Why do you run?
So, on Thanksgiving, I participated in the Run For Food fundraiser to help the local shelter – The Jesus Center. It was my second 5K, and overall, I’m pleased with my results. I came in under 40 minutes at 39.11.3. Not bad for someone who was coughing up a lung last week. Here are the statistics from that race:
- I came in 25th out of 36 people in my age group. The fastest run time was 19.22.6 and the slowest run time was 188.8.131.52. The mean time was 36.31 minutes, the median was 34.12, and there was no mode.
- My average mileage was 12.61 minutes per mile. I ran the first and third miles in their entirety, though I did walk most of the second mile.
- Out of all the women who participated, I placed 325th out of 399 runners. The mean time was 33.20, the median was 30:51, and the mode was 26:45.
- Overall, I placed 664th out of 791 timed racers. The mean overall time was 31.20, the median overall time was 29.04, and the mode was 23.52.
This is pretty good – I’m pleased with the fact that I met my goal of coming in under 4o and running at least one mile without slowing to a walk. I think I did a decent job of pacing myself. My next goal will be to bring my time down to 35 minutes.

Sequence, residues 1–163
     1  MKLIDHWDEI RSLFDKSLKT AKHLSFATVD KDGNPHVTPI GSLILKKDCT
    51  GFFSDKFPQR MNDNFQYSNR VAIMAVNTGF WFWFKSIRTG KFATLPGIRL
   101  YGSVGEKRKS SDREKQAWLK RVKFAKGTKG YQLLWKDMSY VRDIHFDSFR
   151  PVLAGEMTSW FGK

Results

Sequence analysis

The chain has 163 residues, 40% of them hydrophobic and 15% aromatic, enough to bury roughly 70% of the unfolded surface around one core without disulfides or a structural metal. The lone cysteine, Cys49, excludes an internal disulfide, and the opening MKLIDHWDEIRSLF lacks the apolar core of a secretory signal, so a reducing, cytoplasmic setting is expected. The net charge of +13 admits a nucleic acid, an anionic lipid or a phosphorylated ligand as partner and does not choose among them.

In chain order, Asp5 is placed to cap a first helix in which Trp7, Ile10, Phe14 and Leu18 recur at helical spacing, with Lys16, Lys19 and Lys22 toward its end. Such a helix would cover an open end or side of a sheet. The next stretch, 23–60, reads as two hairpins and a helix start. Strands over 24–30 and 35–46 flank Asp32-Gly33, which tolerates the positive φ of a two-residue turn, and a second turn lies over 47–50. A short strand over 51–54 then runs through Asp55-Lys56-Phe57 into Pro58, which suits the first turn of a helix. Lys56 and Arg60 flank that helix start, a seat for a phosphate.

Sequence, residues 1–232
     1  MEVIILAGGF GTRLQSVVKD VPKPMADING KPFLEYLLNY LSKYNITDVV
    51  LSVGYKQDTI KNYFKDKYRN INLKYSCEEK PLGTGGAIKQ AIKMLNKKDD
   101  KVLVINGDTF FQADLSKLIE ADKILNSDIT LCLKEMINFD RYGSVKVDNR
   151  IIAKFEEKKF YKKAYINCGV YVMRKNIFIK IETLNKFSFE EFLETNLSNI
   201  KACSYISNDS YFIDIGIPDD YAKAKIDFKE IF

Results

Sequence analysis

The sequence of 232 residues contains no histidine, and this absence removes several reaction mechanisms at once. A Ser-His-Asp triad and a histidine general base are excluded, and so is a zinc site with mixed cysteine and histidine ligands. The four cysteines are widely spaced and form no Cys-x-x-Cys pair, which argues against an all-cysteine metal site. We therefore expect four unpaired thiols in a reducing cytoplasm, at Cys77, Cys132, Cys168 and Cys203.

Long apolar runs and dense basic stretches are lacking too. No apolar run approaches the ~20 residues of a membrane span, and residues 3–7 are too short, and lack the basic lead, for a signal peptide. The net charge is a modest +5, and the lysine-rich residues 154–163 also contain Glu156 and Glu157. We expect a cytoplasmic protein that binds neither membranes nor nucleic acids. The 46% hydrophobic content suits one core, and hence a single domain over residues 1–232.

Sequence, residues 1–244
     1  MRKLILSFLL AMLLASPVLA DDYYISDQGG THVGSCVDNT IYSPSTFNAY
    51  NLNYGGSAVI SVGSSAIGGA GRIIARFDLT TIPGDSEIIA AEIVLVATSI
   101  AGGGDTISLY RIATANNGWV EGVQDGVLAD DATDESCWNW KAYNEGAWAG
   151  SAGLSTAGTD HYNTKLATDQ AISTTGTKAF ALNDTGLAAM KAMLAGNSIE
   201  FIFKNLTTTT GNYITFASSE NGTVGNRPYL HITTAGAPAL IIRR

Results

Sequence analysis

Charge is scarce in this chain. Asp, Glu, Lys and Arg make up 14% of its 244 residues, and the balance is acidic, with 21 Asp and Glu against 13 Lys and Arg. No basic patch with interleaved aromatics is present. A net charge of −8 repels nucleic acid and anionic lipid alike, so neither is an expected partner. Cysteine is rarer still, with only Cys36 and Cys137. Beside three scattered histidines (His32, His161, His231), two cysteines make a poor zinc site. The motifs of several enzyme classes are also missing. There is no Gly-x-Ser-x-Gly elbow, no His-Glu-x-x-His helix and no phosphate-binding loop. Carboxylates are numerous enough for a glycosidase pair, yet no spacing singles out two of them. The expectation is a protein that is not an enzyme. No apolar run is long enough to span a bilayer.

Memorial to the oldest annual running race in Europe. Prague-Běchovice, Czech Republic. (Photo credit: Wikipedia)
Theme Song: Death Cab for Cutie, “Transatlanticism”
So on Independence day, I ran my first 5K race. I didn’t do too bad. I’d met two of the goals I’d had going into it – to finish the race and to have a race time under 45 minutes.
- I placed at 183 out of 216 people who finished the race. The fastest score was just over 17 minutes, the slowest was 55 minutes.
- I placed 30th out of 33 women in my age group.
- My time was 42:14 and I averaged 13:36 minute miles. That was with walking for between 1/3 and 1/2 of each mile.
- The average speed of all runners in the race was 30:46 for the median time, 22:12 for the mode time, and 32:30 for the mean.